Greg Ridgley’s story is a message of perseverance, healing, devotion, and a testimony to the blessings of second chances in the United States of America.Military service was the norm in retired Army Lieutenant Greg Ridgley’s family. His grandfather and great uncle fought at Pearl Harbor during WWII and on the battleship Pennsylvania. Growing up he says “I was enthralled by stories of our wonderful country, and how we defeated Hitler and Japan.” It was only natural for Greg to enlist in the military and re-enlist at age 34, into the Army National Guard after our Pearl Harbor of 9-11. He deployed with Idaho’s 116th Brigade Combat Team, as an engineer platoon leader, for Operation Iraqi Freedom II 2004-05. After his deployment, Greg lost his mentor, First Sergeant Christopher Rafferty, who was killed in action in Afghanistan. That was the last straw. Greg said he lost the will to live and gave serious consideration to ending his life.
Through counseling at the VA and working with a wrought iron hobby in his garage, Greg found purpose and peace and his business was born. Once again, Greg experienced a setback in life. In the recent bad economy he was unable to develop a market to support expensive ironwork in the 2009-10 recessions. The business, his tools and his home were lost, but fighting is nothing new to a soldier, so Greg got back up and kept going, determined to help himself and other wounded warriors.He founded a nonprofit organization, called Operation Wrought Iron. Greg knew that if making wrought iron sculpture could help him, it could also help other vets. Today, Greg’s goal is to assist American combat veterans transform war trauma into monuments of wrought iron beauty in order to inspire rehabilitation, through the creative arts process while simultaneously improving public war memorials and historical facilities.
Greg says, “Everyone has a positive talent. In addition to transforming war into wrought iron beauty, maybe our cause can inspire combat veterans to do likewise through music, drawing, woodwork, etc., while demonstrating there are millions of people in our country who admire and care about them. These, and staying connected to positive people, are far superior to coping through isolation, rage, drugs and alcohol. Operation Wrought Iron takes the healing process one step further by adding humanity to the architectural landscape and helping vets to manifest their healing process in physical monuments of timeless wrought iron beauty. This message applies to ALL people, for no human heart goes through life unscathed. ”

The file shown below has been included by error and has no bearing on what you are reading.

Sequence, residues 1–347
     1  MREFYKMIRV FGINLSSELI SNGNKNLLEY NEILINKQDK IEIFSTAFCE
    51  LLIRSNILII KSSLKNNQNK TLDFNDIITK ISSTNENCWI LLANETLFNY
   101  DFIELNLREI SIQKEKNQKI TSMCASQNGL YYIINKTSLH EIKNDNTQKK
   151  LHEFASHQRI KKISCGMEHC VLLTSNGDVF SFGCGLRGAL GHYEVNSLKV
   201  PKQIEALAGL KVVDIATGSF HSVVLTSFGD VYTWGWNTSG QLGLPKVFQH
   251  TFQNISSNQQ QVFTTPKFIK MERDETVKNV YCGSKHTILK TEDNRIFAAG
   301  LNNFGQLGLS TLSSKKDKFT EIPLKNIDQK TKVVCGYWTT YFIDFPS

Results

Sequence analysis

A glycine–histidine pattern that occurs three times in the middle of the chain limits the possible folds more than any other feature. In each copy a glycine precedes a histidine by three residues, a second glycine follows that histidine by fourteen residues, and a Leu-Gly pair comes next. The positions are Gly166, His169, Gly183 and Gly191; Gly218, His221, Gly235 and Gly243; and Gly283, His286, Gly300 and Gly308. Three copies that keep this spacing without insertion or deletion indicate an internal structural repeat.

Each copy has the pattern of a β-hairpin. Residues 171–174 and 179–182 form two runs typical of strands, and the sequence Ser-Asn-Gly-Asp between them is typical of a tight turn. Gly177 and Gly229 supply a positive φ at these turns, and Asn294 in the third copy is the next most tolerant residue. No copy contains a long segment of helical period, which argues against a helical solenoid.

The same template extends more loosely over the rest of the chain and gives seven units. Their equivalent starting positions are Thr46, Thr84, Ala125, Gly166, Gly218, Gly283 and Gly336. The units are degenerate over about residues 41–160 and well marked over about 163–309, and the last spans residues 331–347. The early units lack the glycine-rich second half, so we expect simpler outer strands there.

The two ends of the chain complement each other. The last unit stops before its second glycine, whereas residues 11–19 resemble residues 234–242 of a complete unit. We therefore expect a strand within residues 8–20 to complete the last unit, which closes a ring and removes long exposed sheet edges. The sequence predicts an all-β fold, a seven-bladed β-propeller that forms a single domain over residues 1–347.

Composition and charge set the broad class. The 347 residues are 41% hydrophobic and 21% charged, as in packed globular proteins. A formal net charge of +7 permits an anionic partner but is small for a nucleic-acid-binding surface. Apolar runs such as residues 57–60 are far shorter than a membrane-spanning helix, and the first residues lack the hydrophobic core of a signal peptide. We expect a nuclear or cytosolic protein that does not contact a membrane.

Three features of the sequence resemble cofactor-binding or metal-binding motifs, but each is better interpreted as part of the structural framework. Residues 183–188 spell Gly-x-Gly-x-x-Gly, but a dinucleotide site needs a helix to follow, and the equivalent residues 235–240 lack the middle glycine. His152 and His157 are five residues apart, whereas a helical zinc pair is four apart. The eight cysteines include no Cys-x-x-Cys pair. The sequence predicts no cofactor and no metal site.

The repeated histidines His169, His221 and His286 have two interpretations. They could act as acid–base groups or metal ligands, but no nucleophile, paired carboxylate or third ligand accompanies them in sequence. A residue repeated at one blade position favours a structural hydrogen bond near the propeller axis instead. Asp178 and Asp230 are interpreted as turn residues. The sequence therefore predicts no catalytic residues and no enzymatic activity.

With the pro bono help of Seattle attorney David Cromwell, from the law firm, Perkins Coie, the necessary legal documents have been filed and the organization will achieve tax exempt status sometime this summer.Operation Wrought Iron’s first project was designing a gate crest for the entrance to Fort George Wright Cemetery in Spokane — even though Greg lacked the proper tools and equipment. Reardan High School in allowed Greg to use the AG shop welding equipment and tables while working with some of the students, teaching them the metal bending process. Greg says, “Expediently engineering our own tools has been labor intensive and added considerable time to the project, but it has been fun to be creative.”
After much hard work the crest was completed and the dedication ceremony will take place on Memorial Day, Monday, May 25th. If you’re in the area, Greg hopes you’ll be able to stop by.
As for Greg’s plans for the future, “When we get a shop and tools, we plan on working with veterans, making a variety of wrought iron home décor items to include coffee tables, wine racks, wall art and other functional pieces in order to auction them at future fundraising events. We may donate some of the items to other charitable causes. We also have a tentative proposal to retrofit the Washington State Veterans Cemetery gate in Medical Lake, WA. We also seek projects from throughout the United States as well!”
Greg, throughout the United States we thank you for your service.